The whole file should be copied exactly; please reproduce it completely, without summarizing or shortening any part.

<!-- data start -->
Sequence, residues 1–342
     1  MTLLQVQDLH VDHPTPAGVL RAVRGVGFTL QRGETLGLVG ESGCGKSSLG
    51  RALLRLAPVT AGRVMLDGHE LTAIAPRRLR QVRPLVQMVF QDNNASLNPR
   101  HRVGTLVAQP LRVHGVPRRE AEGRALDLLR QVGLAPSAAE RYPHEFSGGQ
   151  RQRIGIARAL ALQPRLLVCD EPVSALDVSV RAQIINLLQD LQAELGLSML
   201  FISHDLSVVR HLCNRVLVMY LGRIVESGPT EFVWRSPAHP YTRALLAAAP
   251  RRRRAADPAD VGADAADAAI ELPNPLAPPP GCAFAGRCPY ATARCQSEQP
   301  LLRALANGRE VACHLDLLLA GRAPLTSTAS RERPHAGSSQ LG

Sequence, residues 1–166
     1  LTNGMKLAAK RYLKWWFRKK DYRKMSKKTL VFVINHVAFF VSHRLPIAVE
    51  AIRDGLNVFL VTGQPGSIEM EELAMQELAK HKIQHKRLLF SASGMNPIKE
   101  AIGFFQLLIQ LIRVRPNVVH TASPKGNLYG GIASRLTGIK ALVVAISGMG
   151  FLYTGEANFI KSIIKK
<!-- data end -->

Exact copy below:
Sequence, residues 1–342
     1  MTLLQVQDLH VDHPTPAGVL RAVRGVGFTL QRGETLGLVG ESGCGKSSLG
    51  RALLRLAPVT AGRVMLDGHE LTAIAPRRLR QVRPLVQMVF QDNNASLNPR
   101  HRVGTLVAQP LRVHGVPRRE AEGRALDLLR QVGLAPSAAE RYPHEFSGGQ
   151  RQRIGIARAL ALQPRLLVCD EPVSALDVSV RAQIINLLQD LQAELGLSML
   201  FISHDLSVVR HLCNRVLVMY LGRIVESGPT EFVWRSPAHP YTRALLAAAP
   251  RRRRAADPAD VGADAADAAI ELPNPLAPPP GCAFAGRCPY ATARCQSEQP
   301  LLRALANGRE VACHLDLLLA GRAPLTSTAS RERPHAGSSQ LG

Sequence, residues 1–166
     1  LTNGMKLAAK RYLKWWFRKK DYRKMSKKTL VFVINHVAFF VSHRLPIAVE
    51  AIRDGLNVFL VTGQPGSIEM EELAMQELAK HKIQHKRLLF SASGMNPIKE
   101  AIGFFQLLIQ LIRVRPNVVH TASPKGNLYG GIASRLTGIK ALVVAISGMG
   151  FLYTGEANFI KSIIKK